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What did you notice about your physical experience during the Urge Surfing exercise? What was it like for you to focus on an impulse and refrain from acting on it? What did you notice about how the sensation in your body associated with your impulse change over the course of the exercise? How would you evaluate the effectiveness of this mindfulness practice to “ride out” addictive cravings or impulses to engage in other risk behaviors like binging, self-harming, gambling, smoking, etc.? How would you envision adapting and integrating Urge Surfing into your clinical work with people with addictive behaviors? Be specific.
The more attention the urge gets, the longer it lasts and the stronger. This is a common distraction during meditation time. I have asked clients to think about triggers and then use this skill to work thru it in a small group or individual setting. Some find it more difficult than others. Coping with urges is such a basic skill but needs to be practiced like any other skill. I have muscles twinges, itchy, etc at times and have to ignore them for the meditation time. It is also a good review topic getting ready for the weekend when there may be less client support.
Describe which of the mindfulness practices you picked and why? What did you notice about your physical experience and feelings, and your relationship to your thoughts during the mindfulness practice? How would you evaluate the effectiveness of this mindfulness exercise to meet your physical, emotional and mental experience in the moment with a sense of compassion and/or expand your sense of connection to something greater than the self? How would you envision adapting and integrating this mindfulness exercise into your clinical work with people with behavioral health issues? Be specific.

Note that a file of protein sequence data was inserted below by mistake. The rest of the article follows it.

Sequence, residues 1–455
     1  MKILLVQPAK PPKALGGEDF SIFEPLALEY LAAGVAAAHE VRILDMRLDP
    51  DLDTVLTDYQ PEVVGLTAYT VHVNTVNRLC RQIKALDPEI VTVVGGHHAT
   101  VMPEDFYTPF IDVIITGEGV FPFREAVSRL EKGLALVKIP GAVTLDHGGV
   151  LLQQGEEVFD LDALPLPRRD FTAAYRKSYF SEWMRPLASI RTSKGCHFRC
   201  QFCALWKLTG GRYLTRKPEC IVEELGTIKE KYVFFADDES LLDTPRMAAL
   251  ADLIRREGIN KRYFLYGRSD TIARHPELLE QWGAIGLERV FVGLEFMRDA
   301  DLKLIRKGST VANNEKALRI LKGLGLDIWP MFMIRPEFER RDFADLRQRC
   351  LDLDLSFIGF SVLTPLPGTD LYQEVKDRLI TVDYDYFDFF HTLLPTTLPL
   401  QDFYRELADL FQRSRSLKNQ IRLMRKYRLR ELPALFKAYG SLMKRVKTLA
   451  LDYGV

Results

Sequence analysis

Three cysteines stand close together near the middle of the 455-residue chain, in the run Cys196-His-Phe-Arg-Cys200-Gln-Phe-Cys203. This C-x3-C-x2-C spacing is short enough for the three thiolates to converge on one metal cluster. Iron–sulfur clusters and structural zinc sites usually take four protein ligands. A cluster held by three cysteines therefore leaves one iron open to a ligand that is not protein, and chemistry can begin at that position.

I used the emotions without judgement and have used that in the past. I remind clients that emotions are the sail of the sailboat that push the boat, the rudder is logical/mindfulness. Emotions are neutral, what is done with them is key. That unconditional acceptance of the feeling/emotion can be helpful to let it go. Part of 12 step work is hopefully learning to accept the past, and leave it there. Own what is yours, accountability is important but so is being realistic about what is yours and what is not. The analogy of leaves/logs in the stream is useful. I often use a clouds in the sky analogy as well, which I borrowed from Illusions by Richard Bach. I think all are useful.
Take a moment to reflect on your experiences with mindfulness over the past four weeks. How would you evaluate your experience with mindfulness as a way to alleviate suffering in your own life and help you enhance your connection to a felt sense of spirituality and meaning? How do you envision bringing this mindful self into your work with people who suffer from substance use, addictive, or mental disorders?
I think mindfulness and meditation are very useful for me personally and for many clients, per their reports. The skill set has been around for thousands of years because it works. It has no side affects other than maybe falling asleep at times, if you have not been sleeping well. I encourage other staff to explore the skill as well. I prefer walking meditation when I can but use what is possible in each setting. Meditation can help yourself and others return to a more sane, balanced mind set and get that sense of responsible fun and joy back from past substance use. I am reminded of a quote I found years ago, ‘you cannot have a life without pain, but suffering is optional’, Dali Lama. Meditation can help open up a better sense of energy flow to higher power beliefs.